When I walk, I mostly look at my feet.  I am not sure why this is.  In the urban environment, this is partly due to some social anxiety: I fear making unintentional (and, hence, awkward) eye contact with a passer-by.  In the wilder environment, this is mostly due to my klutzy character –  I’m watching for tripping hazards.  In both types of landscape, it is most certainly provoked my enjoyment of noticing forgotten details that I’d otherwise walk right past – I like the challenge of noticing the nearly forgotten. Regardless of the reason, looking at my feet is my default.

I chanced looking up the other evening.  It was a 9pm summer twilight.  The sun draws itself out so long this time of year and seems regretful to depart.  As I looked up, I noticed one small black speck –  a whirling-dervish.  It had the erratic behaviour of a bat in flight: at once comical and creepy.  As I tried to follow its flight with my eyes, I noticed several more…there was a crowd above my head.  If each speck had been carrying a thread, they might have been weaving a tapestry – their movement had a sort of choreographed chaos to it.

These were swifts.

Do you know about swifts?  They are truly incredible.  They spend almost their entire life on-the-wing.  They collect nesting material, mate, preen, and feed all while in flight.  During nesting season, they may fly over 500 miles in a single day, making a 3,100-mile migration from the UK to central Africa in as little as 5 days, and stay airborne for ten months without landing.  It even sleeps while in flight – taking “power naps” while gliding at high altitudes.

Sounds impossible.

God must have designed them to be living metaphors of “The Possible Impossible”.  I thought of how impossible a creature they are when I saw them in flight the other night.  I thought of how often I find myself feeling that the things God is calling me to are impossible.  And then I look back at the things I’ve categorised as such in the past, only to now see they have been reached and realised.

“”For nothing will be impossible with God.”” (Luke 1:37)

Although I’ve improved in this, I put little faith in myself.  And if I am putting little faith in myself, then I simultaneously putting little faith in God’s ability to accomplish anything and everything.  I looked at that aerial dance of the swifts and I was convicted by how foolish it is for me to question God’s ability to bring about all things.  I mean, what do I really know about the “impossible”?  Who I am to say what won’t be done in my life, what I am not capable of if God so desires it?

“…for truly I say to you, if you have faith the size of a mustard seed, you will say to this mountain, ‘Move from here to there,’ and it will move; and nothing will be impossible to you.” (Matthew 17:20)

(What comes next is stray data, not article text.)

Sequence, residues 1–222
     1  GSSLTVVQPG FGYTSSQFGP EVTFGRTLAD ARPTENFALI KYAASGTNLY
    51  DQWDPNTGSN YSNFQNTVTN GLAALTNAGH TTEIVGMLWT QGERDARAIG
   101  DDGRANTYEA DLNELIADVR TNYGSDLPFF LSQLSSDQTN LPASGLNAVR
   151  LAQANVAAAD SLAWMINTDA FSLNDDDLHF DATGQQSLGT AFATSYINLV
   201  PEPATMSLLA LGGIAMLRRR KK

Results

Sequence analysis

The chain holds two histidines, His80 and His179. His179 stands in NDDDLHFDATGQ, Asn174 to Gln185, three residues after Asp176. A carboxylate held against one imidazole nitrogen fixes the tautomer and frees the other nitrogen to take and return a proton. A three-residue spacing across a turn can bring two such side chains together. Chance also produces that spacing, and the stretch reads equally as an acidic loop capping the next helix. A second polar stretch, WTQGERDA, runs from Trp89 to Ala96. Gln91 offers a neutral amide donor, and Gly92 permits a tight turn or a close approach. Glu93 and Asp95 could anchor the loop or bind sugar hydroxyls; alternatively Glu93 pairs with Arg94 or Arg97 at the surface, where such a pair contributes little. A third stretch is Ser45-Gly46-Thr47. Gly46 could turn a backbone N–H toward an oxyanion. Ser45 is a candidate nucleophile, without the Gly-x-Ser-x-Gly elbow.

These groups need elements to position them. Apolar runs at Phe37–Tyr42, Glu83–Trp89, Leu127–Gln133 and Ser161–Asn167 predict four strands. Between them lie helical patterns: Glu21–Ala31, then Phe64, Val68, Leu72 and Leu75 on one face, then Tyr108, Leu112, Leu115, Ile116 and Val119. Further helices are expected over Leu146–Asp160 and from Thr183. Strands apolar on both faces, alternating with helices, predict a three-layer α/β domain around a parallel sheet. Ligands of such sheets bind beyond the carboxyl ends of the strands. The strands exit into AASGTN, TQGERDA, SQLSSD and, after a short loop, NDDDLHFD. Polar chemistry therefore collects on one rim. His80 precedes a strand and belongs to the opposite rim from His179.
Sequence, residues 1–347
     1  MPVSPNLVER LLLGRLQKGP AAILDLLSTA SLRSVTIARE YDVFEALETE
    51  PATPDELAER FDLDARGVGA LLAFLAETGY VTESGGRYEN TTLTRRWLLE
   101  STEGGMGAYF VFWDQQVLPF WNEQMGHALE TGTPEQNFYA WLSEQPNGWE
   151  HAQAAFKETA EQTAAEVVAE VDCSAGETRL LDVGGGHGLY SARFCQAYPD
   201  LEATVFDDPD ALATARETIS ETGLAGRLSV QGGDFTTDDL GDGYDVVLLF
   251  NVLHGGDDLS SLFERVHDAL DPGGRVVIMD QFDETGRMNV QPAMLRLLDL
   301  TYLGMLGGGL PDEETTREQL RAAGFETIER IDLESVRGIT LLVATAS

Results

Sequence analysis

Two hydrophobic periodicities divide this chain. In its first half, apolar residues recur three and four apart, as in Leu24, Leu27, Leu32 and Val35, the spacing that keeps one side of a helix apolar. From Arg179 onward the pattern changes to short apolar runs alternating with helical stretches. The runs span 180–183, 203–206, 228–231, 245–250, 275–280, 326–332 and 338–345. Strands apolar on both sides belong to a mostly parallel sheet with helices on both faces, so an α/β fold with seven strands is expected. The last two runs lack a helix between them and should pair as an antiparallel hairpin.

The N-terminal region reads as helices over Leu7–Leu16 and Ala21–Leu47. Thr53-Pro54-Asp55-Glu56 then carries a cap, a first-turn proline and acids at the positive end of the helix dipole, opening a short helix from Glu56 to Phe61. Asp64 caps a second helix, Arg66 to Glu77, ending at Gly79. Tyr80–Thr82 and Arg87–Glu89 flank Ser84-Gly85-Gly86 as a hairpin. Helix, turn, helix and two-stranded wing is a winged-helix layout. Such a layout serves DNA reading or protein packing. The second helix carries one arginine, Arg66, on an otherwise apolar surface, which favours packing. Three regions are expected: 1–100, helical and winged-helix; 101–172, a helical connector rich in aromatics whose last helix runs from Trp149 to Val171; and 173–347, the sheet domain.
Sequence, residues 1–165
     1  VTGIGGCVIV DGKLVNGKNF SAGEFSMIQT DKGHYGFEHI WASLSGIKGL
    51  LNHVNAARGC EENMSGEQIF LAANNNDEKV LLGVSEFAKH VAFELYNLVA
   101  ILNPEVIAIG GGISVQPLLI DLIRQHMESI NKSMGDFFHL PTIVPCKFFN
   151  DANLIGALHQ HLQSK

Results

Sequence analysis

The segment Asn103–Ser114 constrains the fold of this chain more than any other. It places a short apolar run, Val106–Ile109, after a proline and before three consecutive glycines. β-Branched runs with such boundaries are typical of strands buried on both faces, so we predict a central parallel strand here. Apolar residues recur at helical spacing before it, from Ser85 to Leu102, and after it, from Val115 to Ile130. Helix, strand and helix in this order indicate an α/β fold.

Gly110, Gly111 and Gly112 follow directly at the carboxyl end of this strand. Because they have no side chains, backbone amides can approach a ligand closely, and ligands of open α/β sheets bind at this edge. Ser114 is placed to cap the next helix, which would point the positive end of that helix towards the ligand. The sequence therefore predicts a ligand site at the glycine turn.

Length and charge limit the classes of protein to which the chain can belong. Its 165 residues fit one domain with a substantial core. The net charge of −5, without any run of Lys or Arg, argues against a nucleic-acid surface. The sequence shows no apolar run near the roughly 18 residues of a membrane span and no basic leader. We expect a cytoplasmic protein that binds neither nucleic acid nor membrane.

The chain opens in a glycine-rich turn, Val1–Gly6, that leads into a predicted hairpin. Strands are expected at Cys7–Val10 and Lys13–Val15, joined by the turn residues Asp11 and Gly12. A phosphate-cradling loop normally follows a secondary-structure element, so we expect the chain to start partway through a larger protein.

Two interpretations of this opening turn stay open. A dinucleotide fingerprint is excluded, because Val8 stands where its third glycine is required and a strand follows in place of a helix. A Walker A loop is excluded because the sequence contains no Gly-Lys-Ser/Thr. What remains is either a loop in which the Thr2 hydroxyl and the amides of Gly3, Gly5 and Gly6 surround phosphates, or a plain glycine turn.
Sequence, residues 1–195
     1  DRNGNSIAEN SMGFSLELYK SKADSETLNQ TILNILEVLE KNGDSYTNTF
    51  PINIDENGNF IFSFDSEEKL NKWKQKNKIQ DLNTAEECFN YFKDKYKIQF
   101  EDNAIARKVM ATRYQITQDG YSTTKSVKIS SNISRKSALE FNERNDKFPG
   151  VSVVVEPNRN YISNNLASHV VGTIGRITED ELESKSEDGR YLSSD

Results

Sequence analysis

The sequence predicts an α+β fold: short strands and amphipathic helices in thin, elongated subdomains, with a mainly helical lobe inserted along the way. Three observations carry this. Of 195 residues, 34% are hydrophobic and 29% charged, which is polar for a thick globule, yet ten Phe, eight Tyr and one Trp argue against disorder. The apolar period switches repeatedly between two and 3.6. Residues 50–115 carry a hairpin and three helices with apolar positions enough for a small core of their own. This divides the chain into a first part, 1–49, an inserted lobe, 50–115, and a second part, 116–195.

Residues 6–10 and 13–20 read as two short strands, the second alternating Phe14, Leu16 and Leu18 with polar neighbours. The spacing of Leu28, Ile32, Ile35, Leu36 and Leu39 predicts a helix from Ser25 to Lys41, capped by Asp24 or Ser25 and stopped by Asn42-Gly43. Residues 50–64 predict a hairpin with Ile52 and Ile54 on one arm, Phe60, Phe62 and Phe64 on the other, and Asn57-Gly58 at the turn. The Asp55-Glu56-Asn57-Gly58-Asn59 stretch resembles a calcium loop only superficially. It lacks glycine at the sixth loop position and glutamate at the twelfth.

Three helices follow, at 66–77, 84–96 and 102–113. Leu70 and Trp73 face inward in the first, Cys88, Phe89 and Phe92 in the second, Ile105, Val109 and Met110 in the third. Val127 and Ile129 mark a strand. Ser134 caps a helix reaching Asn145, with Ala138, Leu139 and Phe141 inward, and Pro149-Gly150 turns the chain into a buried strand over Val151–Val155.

I put too little faith in faith.  Swifts, as relatives of hummingbirds, can easily be thought of as the ornithological “mustard seeds”.  They seem to be moving the “mountains” of what is considered “impossible” for a living creature to do.  To consider them, and all they do without hesitation, without determining if it seems a feasible feat, is to remember that faith should not be considered a wilted thing, but a impossibly possible, and unfathomably powerful, thing indeed.

Another thing about the swift –  I thought they made no sound.  During my urban walking “commutes”, I’m almost always listening to an audiobook.  I can normally hear bird calls despite the ear buds.  I heard nothing from the swifts, so assumed they were silent, that they were unwilling to converse to me.  I took the headphones off to check, and there was a subtle song.  I had been missing their chirping chatter all along.

I realised how infrequently I listen for God, and how much I am likely missing out on.  I rarely try to hear and don’t often make room in my mind, or make time in my day, to seek God’s voice with attention and intention.  I grow used to the gauze of “to do” that gets placed (that I willingly place?) over the eardrums of my mind.  And I do have time to stop to hear…I just don’t make it a priority.  I just don’t remove the barriers all that often.

That swift conversation was a sound-prompt to the importance of listening, of seeking to hear.  Of being willing to risk finding stillness and silence, and being patient to see what comes for that brand of song.  The swift’s quiet, nearly missed, conversation was encouragement to me that there is much more God is saying all the time.  There are things He is waiting to say my (and your) way.

Whether you turn to the right or to the left, your ears will hear a voice behind you say, “This is the way. Walk in it.” (Isaiah 30:21)

I pray for direction, lament that I feel confused and uncertain, and is it really any wonder?  How can I expect to hear if I do not carve out circumstances to listen?  The swifts dance prompted me to not only look up, but to “listen up!” … and listen upwards.

Their impossible life made possible, their chaotic choreography and chattering challenge to take time to listen, is a sermon I’m glad God has given.


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